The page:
Expect a range of styles and varieties here that will defy any preconceptions of big fruit bombs.
I was surprised by Barossa more than any other region I visited in Australia. The range of wines being produced there—the sheer variety of styles—ran totally counter to the old Barossa stereotype of big fruit bombs.
Concentrated and powerful bottlings of Shiraz easily co-existed alongside more elegant ones, with detail and expressiveness tying them all together. Rhône varieties like Mataro (Mourvèdre) and Grenache, as well as Bordelais and beyond like Cabernet Sauvignon, Sangiovese, Tannat, and more also find their footing there. Some of the most exciting bottles I tasted were from the oldest vines. Langmeil, for example, crafts their Freedom Shiraz from vines that are at least 125 years old. The result, in 2015, was a show-stoppingly delicious wine, explosive with floral peppercorn, fig paste, black plum, and a sense of umami that left me speechless. The Peter Lehmann Stonewell Shiraz 2012 shows the spicier side of the variety, with meat and fig flavors cut through by black licorice and peppercorn.
This is an ancient land—it was settled by Aboriginal communities thousands of years ago—and the diversity of soils and the differences in microclimate from one hillside to the next allow an incredible tapestry of wine styles to be produced there. Single-vineyard and single-parcel expressions, like those from Hentley Farm (I strongly recommend opening up their Beauty and Beast bottlings of Shiraz side by side for an in situ demonstration of how terroir in the Barossa impacts a grape variety), as well as their Clos Otto Shiraz, one of my favorite examples of the variety in the world), seem like they will be the next big thing from this land of variegated hillsides and ancient soils.
In addition to Shiraz, I was regularly charmed by other varieties as well, including the Chateau Tanunda's Old Vines Semillon 2017 (made from 125-year-old vines). This was a concentrated beauty with beeswax, lanolin, and apricot lifted with a hint of flowers.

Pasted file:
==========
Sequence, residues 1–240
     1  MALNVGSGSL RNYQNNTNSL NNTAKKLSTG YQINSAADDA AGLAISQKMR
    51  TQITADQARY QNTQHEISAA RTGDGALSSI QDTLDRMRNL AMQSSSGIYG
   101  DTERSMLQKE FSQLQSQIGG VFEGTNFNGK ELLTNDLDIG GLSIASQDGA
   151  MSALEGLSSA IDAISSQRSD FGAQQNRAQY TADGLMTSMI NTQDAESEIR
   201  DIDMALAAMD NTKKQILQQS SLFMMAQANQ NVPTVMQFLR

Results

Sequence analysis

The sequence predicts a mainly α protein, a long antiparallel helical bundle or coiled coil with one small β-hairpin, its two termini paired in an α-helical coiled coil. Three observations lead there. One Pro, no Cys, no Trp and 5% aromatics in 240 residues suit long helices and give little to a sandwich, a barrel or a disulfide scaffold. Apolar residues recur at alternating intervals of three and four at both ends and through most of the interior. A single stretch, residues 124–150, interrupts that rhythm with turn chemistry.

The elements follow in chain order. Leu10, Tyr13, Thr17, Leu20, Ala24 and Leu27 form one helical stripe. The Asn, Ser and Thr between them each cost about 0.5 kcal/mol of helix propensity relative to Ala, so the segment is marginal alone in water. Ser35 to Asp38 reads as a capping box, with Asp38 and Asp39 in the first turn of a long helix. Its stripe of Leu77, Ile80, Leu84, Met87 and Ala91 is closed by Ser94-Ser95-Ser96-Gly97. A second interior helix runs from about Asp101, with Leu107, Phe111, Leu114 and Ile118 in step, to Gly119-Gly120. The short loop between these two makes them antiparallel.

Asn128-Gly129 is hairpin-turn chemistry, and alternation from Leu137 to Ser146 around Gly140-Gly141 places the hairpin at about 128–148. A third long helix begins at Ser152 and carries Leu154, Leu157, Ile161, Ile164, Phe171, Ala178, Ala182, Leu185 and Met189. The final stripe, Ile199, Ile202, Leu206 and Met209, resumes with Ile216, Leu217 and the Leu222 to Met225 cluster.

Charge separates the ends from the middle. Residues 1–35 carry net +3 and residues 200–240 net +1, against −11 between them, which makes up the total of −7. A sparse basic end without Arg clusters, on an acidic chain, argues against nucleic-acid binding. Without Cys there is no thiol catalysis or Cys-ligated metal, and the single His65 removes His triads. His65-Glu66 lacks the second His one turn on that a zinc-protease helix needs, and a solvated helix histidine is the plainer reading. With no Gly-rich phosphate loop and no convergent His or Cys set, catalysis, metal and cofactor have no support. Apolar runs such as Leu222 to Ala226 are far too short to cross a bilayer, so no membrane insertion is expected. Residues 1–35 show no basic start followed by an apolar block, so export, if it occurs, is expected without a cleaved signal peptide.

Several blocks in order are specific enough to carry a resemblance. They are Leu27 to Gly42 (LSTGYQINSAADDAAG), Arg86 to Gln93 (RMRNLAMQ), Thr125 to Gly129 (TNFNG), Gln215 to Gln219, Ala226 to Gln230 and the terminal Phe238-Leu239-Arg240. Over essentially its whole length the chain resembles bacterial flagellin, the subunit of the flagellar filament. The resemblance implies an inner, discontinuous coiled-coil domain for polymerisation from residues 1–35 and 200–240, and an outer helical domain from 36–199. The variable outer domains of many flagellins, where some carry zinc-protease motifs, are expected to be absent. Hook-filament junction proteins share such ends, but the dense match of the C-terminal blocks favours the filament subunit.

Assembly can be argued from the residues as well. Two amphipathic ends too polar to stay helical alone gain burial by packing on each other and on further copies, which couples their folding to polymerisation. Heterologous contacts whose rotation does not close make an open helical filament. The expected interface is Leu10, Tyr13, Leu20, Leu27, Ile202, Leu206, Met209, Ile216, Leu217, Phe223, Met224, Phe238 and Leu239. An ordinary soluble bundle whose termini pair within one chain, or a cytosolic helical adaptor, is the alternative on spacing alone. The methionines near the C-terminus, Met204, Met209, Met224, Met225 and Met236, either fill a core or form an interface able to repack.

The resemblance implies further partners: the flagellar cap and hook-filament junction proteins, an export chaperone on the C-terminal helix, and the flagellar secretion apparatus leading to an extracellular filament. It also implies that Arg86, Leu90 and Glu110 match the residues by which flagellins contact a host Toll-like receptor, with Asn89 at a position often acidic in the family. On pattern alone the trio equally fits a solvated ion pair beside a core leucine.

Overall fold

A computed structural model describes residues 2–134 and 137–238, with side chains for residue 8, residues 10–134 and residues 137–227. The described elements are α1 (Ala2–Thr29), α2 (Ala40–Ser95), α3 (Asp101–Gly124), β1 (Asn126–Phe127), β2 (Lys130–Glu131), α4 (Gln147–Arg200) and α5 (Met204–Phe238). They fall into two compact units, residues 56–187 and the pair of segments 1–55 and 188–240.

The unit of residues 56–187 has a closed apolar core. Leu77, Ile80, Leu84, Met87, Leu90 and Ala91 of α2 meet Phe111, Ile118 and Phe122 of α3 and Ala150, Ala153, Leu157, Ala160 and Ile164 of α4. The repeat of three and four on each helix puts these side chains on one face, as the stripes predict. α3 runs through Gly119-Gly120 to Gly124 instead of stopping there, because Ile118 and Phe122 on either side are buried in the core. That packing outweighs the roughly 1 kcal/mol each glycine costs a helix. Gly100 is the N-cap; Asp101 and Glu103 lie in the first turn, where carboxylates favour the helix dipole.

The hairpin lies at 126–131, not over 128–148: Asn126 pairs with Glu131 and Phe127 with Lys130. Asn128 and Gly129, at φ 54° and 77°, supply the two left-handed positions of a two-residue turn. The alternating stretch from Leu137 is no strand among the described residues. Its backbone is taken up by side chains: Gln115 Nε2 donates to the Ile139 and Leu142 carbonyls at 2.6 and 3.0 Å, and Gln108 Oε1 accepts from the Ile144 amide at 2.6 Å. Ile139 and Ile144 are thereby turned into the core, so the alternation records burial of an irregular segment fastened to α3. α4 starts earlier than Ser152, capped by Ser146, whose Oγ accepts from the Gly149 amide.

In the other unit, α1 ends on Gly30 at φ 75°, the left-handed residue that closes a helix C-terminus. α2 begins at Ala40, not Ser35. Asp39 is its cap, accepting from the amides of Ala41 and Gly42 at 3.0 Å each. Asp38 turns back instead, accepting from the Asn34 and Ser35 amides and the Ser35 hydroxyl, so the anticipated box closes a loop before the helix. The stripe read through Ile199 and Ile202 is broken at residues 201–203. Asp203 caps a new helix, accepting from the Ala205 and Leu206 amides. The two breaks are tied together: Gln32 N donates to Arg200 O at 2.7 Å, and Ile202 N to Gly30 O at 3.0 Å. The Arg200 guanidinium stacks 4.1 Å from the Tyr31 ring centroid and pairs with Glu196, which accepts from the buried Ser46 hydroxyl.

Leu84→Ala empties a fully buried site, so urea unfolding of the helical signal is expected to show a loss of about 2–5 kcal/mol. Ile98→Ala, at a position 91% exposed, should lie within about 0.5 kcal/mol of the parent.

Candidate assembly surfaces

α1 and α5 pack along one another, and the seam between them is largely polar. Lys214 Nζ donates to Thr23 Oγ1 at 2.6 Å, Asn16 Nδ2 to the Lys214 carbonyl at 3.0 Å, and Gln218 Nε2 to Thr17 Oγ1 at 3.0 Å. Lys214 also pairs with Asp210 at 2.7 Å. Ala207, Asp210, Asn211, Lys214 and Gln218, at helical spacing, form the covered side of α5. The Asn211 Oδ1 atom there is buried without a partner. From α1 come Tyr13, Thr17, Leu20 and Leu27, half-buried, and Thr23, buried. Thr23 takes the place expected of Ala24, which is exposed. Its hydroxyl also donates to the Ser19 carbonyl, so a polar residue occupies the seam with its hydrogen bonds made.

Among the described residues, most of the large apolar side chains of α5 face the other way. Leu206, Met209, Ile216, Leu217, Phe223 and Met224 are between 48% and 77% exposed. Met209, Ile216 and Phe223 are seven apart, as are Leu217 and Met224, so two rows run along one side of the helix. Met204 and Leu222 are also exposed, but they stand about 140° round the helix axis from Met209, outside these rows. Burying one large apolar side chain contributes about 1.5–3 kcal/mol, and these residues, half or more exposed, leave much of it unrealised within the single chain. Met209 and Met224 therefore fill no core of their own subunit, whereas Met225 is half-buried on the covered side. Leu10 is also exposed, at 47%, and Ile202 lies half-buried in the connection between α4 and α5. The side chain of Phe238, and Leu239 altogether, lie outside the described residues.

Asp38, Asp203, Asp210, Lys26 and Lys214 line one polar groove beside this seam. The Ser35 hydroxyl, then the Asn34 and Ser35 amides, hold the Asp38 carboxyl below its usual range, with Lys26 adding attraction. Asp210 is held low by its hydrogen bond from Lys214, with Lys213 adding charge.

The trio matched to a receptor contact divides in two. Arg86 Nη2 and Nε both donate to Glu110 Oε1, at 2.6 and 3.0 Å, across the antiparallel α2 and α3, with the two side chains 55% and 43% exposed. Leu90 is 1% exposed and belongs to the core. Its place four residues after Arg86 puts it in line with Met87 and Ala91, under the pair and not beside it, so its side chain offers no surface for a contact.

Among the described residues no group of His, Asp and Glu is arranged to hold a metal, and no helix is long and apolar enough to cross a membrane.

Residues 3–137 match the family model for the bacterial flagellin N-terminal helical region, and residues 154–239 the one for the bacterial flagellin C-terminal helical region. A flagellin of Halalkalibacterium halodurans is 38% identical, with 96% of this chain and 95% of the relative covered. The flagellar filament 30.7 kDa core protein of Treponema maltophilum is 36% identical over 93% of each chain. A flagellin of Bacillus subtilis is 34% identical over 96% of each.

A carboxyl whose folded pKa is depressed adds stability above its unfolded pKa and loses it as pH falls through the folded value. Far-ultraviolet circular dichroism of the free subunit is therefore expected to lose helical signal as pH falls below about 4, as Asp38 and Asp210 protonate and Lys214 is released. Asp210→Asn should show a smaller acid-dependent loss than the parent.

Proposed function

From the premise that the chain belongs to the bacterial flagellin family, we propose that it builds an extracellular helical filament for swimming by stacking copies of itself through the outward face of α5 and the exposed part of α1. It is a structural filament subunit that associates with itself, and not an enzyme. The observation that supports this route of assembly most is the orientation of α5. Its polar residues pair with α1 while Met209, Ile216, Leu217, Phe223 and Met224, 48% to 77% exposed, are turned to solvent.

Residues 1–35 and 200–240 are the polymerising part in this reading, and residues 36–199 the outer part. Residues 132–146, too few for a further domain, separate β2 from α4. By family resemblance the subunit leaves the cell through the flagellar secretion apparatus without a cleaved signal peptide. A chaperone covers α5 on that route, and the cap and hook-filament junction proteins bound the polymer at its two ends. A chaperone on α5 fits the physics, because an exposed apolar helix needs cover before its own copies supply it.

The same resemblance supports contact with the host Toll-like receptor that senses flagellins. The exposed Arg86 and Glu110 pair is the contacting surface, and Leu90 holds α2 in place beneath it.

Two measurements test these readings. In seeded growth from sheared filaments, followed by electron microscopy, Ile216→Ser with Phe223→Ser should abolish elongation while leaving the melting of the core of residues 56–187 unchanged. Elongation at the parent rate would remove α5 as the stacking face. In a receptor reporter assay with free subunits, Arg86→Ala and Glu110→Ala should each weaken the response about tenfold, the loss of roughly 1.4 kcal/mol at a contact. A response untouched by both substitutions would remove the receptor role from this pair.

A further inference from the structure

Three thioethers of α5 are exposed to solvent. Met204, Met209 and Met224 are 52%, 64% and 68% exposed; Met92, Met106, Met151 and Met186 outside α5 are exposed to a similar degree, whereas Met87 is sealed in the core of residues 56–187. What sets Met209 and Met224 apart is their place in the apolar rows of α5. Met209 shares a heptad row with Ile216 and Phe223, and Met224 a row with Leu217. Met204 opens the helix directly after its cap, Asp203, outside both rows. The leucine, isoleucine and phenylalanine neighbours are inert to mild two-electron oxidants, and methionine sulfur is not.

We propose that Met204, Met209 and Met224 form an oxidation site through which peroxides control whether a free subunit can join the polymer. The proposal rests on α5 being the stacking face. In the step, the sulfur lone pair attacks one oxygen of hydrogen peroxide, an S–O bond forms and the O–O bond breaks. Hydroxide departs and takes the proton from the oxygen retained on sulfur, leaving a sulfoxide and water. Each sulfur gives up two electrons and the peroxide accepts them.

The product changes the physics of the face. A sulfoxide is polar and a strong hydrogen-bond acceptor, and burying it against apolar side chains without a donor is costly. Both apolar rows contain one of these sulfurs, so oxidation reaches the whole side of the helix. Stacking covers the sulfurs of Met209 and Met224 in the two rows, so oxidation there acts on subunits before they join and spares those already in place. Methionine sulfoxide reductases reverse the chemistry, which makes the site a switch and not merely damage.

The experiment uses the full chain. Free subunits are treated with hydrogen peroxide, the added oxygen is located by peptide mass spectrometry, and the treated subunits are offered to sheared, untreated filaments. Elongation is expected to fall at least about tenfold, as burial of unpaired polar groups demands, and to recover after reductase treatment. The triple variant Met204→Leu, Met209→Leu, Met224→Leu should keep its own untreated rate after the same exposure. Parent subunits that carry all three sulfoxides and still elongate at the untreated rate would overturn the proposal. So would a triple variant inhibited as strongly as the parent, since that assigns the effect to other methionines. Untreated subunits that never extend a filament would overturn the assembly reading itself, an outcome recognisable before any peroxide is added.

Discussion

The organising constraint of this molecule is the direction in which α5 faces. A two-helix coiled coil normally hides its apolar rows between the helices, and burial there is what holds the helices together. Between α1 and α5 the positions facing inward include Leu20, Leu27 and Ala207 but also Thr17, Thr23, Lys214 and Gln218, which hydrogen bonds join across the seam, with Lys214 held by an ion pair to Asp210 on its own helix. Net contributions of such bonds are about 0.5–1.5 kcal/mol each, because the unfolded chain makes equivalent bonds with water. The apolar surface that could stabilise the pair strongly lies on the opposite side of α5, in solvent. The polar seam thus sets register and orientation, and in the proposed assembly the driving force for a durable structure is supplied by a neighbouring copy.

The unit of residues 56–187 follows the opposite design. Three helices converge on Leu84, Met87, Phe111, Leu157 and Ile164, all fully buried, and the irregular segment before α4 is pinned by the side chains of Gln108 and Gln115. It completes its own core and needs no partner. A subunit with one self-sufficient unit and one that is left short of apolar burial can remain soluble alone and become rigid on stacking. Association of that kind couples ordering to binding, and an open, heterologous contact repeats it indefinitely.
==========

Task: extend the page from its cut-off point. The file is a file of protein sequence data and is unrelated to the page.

Right next to the Barossa Valley is Eden Valley, which produces some of the best Rieslings in the world right now. These tend to be energetic and terroir-driven whites that possess all the longevity and tension you’d expect from great cooler-climate bottlings of the grape variety. Yet unlike so many age-worthy wines, these are also lovely in their youth, with a remarkable food friendliness that makes them particularly useful at the table. And while it’s not nearly as well-known for Riesling as Eden, Barossa Valley is also home to some great ones.
Between the two, I found a lot to be excited about in a fascinating scope of expressions. Jacob’s Creek's Steingarten Vineyard Riesling 2015 is mineral, flinty, and almost saline right now against apricot fruit, and the 2006 expresses mashed almond, kaffir lime leaf, and a honeyed note juxtaposed against deep minerality. Other varieties work well here, too: The 2016 Marsanne - Roussanne - Viognier blend from John Duval, for example, showed how brilliantly the other grape varieties of the Rhône Valley can do in a region not necessarily all that famous for them. I came away from my time in the Barossa and Eden Valleys with a renewed respect for the continuum of styles and grape varieties that are being produced there, and ready to be surprised over the rest of my time in Australia.